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Durable Purchases over the Later Life Cycle

  • Martin Browning

    (University of Oxford and Institute for Fiscal Studies)

  • Thomas Crossley

    ()

    (Koc University, Institute for Fiscal Studies and University of Cambridge)

  • Melanie Lührmann

    (Royal Holloway, University of London and Institute for Fiscal Studies)

We investigate the life cycle patterns of households' ’spending on medium value durables. We use panel data on expenditures on appliances and consumer electronics the British Household Panel Study between 1997 and 2008. In cross section, expenditures for appliances and consumer electronics decrease strongly as households age. We show that this is entirely attributable to cohort effects and that when such effects are properly modelled, expenditure on consumer electronics rises with age. We also document important demand effects of household composition, labour supply and health status.

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File URL: http://eaf.ku.edu.tr/sites/eaf.ku.edu.tr/files/erf_wp_1213.pdf
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Paper provided by Koc University-TUSIAD Economic Research Forum in its series Koç University-TUSIAD Economic Research Forum Working Papers with number 1213.

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Length: 36 pages
Date of creation: May 2012
Date of revision:
Handle: RePEc:koc:wpaper:1213
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  1. Kapteyn, Arie & Alessie, Rob & Lusardi, Annamaria, 2005. "Explaining the wealth holdings of different cohorts: Productivity growth and Social Security," European Economic Review, Elsevier, vol. 49(5), pages 1361-1391, July.
  2. Michael D. Hurd & Susann Rohwedder, 2006. "Some Answers to the Retirement-Consumption Puzzle," NBER Working Papers 12057, National Bureau of Economic Research, Inc.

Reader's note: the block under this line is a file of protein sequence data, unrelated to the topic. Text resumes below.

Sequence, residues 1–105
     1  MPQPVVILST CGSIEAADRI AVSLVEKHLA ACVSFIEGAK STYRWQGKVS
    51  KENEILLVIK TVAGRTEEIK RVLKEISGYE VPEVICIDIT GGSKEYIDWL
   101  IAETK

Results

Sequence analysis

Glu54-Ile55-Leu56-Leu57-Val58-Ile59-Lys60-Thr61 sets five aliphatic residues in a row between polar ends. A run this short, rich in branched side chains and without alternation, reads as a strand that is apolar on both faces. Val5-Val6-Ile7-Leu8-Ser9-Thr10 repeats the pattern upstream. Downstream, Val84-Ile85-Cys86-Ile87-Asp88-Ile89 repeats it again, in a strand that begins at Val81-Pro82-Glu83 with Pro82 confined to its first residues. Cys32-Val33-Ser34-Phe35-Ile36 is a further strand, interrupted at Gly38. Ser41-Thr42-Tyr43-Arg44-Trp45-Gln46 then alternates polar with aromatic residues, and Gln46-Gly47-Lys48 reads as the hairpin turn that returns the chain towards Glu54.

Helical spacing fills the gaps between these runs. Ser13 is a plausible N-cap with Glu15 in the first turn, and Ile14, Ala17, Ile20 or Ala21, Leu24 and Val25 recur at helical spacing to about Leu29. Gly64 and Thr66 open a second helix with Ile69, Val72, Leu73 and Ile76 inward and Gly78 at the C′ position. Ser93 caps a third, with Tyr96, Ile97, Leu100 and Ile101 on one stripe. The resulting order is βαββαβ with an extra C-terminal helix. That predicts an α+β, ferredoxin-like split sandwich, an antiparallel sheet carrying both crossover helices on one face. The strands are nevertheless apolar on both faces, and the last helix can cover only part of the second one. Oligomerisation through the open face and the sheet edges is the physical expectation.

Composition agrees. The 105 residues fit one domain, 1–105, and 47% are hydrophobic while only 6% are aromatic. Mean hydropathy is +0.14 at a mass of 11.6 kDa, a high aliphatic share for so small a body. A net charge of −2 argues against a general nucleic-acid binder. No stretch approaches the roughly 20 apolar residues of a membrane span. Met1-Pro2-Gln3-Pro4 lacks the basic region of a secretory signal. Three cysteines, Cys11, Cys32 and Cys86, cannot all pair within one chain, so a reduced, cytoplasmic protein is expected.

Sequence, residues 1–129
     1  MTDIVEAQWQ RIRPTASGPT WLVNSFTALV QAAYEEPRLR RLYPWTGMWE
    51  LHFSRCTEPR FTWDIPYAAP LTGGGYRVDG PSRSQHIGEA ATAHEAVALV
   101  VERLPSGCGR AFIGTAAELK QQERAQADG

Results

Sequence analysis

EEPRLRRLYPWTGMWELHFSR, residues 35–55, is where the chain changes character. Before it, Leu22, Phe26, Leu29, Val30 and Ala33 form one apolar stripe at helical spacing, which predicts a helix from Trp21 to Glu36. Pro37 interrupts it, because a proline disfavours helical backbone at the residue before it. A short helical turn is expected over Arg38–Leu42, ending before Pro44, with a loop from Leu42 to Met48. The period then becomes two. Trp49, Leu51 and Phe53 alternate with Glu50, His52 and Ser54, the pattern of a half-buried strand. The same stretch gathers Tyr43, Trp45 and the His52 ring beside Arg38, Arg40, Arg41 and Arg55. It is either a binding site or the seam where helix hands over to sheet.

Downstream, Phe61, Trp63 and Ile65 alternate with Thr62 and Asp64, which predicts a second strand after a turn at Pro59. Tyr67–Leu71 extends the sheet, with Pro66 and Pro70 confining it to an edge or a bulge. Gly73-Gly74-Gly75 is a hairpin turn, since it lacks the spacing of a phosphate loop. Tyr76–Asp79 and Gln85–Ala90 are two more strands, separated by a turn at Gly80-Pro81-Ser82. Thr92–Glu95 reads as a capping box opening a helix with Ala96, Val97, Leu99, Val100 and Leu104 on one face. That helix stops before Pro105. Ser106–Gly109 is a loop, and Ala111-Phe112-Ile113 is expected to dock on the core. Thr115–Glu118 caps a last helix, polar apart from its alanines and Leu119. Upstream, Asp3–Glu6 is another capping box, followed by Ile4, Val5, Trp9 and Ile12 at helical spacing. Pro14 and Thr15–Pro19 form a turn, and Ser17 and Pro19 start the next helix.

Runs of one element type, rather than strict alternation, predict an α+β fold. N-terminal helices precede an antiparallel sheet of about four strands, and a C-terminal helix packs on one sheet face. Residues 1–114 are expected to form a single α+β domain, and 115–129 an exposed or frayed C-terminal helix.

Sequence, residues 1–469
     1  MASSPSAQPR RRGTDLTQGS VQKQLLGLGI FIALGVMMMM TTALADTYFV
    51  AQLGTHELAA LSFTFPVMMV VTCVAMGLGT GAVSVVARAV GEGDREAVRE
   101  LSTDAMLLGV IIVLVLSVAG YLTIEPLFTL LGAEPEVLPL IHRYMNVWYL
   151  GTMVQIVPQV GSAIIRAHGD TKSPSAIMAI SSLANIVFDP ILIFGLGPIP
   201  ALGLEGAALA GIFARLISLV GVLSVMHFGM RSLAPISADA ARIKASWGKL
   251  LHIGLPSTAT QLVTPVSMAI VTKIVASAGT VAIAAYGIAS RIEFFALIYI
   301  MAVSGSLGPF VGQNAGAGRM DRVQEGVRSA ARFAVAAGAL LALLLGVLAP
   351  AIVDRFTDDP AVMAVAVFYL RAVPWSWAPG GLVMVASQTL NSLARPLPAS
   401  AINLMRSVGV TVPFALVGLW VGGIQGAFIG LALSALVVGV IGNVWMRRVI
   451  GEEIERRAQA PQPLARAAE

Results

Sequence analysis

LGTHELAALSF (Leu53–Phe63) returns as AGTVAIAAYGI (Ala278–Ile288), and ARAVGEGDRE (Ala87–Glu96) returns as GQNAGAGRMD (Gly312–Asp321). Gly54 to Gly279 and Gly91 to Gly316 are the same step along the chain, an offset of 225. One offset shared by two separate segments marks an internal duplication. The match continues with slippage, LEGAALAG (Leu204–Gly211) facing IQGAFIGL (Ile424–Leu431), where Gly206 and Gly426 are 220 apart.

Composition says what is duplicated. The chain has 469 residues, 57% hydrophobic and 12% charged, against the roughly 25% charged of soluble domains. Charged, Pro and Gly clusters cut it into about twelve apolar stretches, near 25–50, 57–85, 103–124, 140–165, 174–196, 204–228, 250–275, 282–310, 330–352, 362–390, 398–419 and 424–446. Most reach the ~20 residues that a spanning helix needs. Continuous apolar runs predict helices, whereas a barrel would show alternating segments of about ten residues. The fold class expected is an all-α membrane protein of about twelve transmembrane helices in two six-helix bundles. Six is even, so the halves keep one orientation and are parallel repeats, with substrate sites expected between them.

3. repec:att:wimass:9722 is not listed on IDEAS
  4. Michael Hurd & Susann Rohwedder, 2003. "The Retirement-Consumption Puzzle: Anticipated and Actual Declines in Spending at Retirement," NBER Working Papers 9586, National Bureau of Economic Research, Inc.
  5. Michael Hurd & Susann Rohwedder, 2005. "Changes in Consumption and Activities at Retirement," DNB Working Papers 039, Netherlands Central Bank, Research Department.
  6. Erich Battistin & Agar Brugiavini & Enrico Rettore & Guglielmo Weber, 2009. "The Retirement Consumption Puzzle: Evidence from a Regression Discontinuity Approach," American Economic Review, American Economic Association, vol. 99(5), pages 2209-26, December.
  7. Pierre-Olivier Gourinchas & Jonathan A. Parker, 1999. "Consumption Over the Life Cycle," NBER Working Papers 7271, National Bureau of Economic Research, Inc.
  8. Angus Deaton & Christina Paxson, 1993. "Intertemporal Choice and Inequality," NBER Working Papers 4328, National Bureau of Economic Research, Inc.
  9. Finkelstein, Amy N. & Luttmer, Erzo F. P. & Notowidigdo, Matthew J., 2009. "Approaches to Estimating the Health State Dependence of the Utility Function," Working Paper Series rwp09-002, Harvard University, John F. Kennedy School of Government.
  10. Banks, James & Blundell, Richard & Tanner, Sarah, 1998. "Is There a Retirement-Savings Puzzle?," American Economic Review, American Economic Association, vol. 88(4), pages 769-88, September.
  11. Grossman, Sanford J & Laroque, Guy, 1990. "Asset Pricing and Optimal Portfolio Choice in the Presence of Illiquid Durable Consumption Goods," Econometrica, Econometric Society, vol. 58(1), pages 25-51, January.
  12. Melanie Lührmann, 2010. "Consumer Expenditures and Home Production at Retirement - New Evidence from Germany," German Economic Review, Verein für Socialpolitik, vol. 11, pages 225-245, 05.
  13. Lundberg, Shelly & Startza, Richard & Stillman, Steven, 2003. "The retirement-consumption puzzle: a marital bargaining approach," Journal of Public Economics, Elsevier, vol. 87(5-6), pages 1199-1218, May.
  14. Sarah Smith, 2006. "The retirement-consumption puzzle and involuntary early retirement: Evidence from the British Household Panel Survey," The Centre for Market and Public Organisation 06/138, Department of Economics, University of Bristol, UK.
  15. repec:cup:cbooks:9780521296762 is not listed on IDEAS
  16. Bar-Ilan, Avner & Blinder, Alan S, 1992. "Consumer Durables: Evidence on the Optimality of Usually Doing Nothing," Journal of Money, Credit and Banking, Blackwell Publishing, vol. 24(2), pages 258-72, May.
  17. Martin Browning & Thomas F. Crossley, 2004. "Shocks, stocks and socks: smoothing consumption over a temporary income loss," CAM Working Papers 2004-05, University of Copenhagen. Department of Economics. Centre for Applied Microeconometrics.
  18. Mark Bils & Peter J. Klenow, 1998. "Using Consumer Theory to Test Competing Business Cycle Models," Journal of Political Economy, University of Chicago Press, vol. 106(2), pages 233-261, April.
  19. Raffaele Miniaci & Chiara Monfardini & Guglielmo Weber, 2003. "Is there a retirement consumption puzzle in Italy?," IFS Working Papers W03/14, Institute for Fiscal Studies.
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